In the past half-century, earthquakes have directly contributed to the overthrow of at least two authoritarian regimes in Nicaragua and Iran. By exposing government corruption and incompetency, earthquakes wield the ability to inflict political damage to the world’s most ironclad regimes with a level of potency matched only by their unpredictability.
As EU foreign policy chief Catherine Ashton and Iran’s chief negotiator Saeed Jalili meet in Turkey today to continue working toward an agreement on Iran’s nuclear program, the Iranian leadership should heed history’s warning: No nuclear program can save a regime from a toppling earthquake.
In 1972, a powerful earthquake devastated Nicaragua’s capital, Managua, setting off a chain reaction of public discontent that eventually led to the ousting of the notoriously corrupt Somoza dynasty. For the Nicaraguan people, President Somoza’s squandering of international emergency aid following the earthquake was the last straw in a series of blatantly corrupt moves that showed little regard for their wellbeing.
The second instance occurred in September 1978 in Iran, when a 7.7 magnitude earthquake killed more than 26,000 near the eastern city of Tabas. The dismal response of the equally corrupt shah pushed Iran’s already bubbling popular uprising to a boiling point, one month after the CIA made its historically erroneous assessment that the country was “not in a revolutionary or even pre-revolutionary situation.”
As the Somozas and the shah can attest from their resting place in history’s dustbin, earthquakes are much more than nature’s most destructive physical force.
Since the ayatollahs took power in 1979, more than 78,000 Iranians have died in hundreds of powerful earthquakes. The vast majority of those killed were crushed by their own poorly constructed homes, with earthquakes flattening entire villages in Iran’s neglected and impoverished rural areas in several instances.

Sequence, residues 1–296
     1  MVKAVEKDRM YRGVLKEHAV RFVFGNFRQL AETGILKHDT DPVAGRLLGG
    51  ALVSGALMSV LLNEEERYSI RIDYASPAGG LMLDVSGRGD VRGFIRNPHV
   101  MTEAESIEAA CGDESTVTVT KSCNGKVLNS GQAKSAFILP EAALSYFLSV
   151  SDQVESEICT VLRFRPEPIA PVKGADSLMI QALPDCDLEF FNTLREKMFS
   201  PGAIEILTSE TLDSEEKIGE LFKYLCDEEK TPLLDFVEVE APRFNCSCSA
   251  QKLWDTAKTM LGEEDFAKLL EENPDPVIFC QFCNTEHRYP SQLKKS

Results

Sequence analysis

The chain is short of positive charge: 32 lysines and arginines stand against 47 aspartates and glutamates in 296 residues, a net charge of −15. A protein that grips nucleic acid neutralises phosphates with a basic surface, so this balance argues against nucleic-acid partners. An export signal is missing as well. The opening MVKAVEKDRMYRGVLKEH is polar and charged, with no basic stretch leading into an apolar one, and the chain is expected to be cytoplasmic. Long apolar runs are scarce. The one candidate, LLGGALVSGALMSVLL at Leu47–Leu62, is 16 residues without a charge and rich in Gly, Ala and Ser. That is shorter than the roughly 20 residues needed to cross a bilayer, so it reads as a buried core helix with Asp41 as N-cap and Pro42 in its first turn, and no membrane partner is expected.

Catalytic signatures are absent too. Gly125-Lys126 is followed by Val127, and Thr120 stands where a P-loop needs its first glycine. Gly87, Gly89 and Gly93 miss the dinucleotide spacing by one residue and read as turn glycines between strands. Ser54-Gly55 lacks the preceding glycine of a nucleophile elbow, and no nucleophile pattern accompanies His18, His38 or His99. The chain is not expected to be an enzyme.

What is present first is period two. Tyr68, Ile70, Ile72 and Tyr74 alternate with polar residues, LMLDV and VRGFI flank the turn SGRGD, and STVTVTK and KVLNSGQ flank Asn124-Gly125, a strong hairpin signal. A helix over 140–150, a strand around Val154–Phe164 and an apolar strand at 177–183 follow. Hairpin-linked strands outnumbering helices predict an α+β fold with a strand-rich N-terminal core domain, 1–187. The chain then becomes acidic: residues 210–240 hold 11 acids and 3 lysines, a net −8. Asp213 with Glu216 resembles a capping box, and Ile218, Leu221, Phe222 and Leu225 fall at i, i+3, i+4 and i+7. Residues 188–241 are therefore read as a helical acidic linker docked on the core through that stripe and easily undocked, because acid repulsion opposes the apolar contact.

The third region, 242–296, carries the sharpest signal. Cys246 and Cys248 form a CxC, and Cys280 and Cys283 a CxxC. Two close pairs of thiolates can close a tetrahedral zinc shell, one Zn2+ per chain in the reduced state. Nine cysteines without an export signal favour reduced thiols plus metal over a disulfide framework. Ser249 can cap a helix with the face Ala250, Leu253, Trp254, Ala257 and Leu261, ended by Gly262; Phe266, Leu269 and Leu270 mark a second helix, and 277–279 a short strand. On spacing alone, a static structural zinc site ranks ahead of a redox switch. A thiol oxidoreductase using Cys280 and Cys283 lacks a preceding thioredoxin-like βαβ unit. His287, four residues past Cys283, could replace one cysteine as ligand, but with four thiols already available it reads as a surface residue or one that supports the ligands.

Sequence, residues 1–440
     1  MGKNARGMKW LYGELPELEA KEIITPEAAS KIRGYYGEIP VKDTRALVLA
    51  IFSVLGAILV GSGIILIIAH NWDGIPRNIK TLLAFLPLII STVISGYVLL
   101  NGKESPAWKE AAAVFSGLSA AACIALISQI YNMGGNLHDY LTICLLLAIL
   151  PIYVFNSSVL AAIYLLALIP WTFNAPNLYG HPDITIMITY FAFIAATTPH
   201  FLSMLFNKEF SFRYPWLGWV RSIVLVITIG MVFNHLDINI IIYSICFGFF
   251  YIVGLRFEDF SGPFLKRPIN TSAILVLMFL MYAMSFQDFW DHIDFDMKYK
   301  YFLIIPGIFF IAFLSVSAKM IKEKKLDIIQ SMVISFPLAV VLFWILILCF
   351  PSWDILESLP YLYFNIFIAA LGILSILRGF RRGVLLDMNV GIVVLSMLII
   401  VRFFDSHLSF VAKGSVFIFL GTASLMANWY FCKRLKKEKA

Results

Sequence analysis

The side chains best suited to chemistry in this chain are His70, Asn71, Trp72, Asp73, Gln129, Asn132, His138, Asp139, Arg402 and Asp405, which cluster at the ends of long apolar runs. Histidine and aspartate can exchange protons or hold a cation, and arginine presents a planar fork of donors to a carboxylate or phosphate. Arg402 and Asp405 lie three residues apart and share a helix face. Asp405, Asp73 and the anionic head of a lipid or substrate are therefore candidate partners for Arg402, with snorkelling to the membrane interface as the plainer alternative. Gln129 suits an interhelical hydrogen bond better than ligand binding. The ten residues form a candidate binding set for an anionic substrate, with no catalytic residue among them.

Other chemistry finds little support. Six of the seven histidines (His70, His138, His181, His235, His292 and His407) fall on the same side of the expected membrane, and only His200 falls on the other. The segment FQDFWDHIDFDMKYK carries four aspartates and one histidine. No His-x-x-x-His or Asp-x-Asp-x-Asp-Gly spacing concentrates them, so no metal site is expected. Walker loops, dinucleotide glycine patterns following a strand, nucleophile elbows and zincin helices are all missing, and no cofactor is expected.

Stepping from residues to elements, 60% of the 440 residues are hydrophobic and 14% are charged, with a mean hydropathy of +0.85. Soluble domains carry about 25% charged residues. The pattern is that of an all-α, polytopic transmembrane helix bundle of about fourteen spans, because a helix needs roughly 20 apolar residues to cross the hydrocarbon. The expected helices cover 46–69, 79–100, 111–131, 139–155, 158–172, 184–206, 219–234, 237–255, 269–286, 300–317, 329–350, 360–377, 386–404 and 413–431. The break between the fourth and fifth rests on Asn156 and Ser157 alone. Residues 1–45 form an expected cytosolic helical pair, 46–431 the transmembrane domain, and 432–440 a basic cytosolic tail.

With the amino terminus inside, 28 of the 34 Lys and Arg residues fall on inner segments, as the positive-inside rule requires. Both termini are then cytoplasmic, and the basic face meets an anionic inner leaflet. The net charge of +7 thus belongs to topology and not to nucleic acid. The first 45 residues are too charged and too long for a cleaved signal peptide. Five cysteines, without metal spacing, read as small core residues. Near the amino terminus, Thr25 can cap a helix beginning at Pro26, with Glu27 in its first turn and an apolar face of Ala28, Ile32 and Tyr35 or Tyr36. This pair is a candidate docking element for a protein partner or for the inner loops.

Although the entirety of Iran’s territory sits on one of the most seismically active areas in the world, it ranks far lower than countries like Japan, Chile, and Turkey in terms of average earthquake magnitude and frequency.
And yet, the scale in which seismic events translate into humanitarian and economic disasters in Iran is staggering. This is due primarily to the wanton mismanagement and underfunding of the government’s disaster relief programs and earthquake preparedness measures, which in other nations have a proven ability to save countless lives.
While Iran’s seismic reality cannot be altered, the region’s political and economic tectonic plates are shifting against the ayatollahs’ favor. The potential damage – both political and physical – of another powerful earthquake will only multiply as Iran’s economy deteriorates and the government’s budget buckles.
Currently an estimated 2 percent of the country’s expenditure is devoted to disaster relief. This amount will be further expected to dwindle under the weight of international sanctions, President Mahmoud Ahmadinejad’s irresponsible subsidy policies, and untold corruption throughout Iran’s ruling class. These factors have already caused tremors of public discontent among the middle class.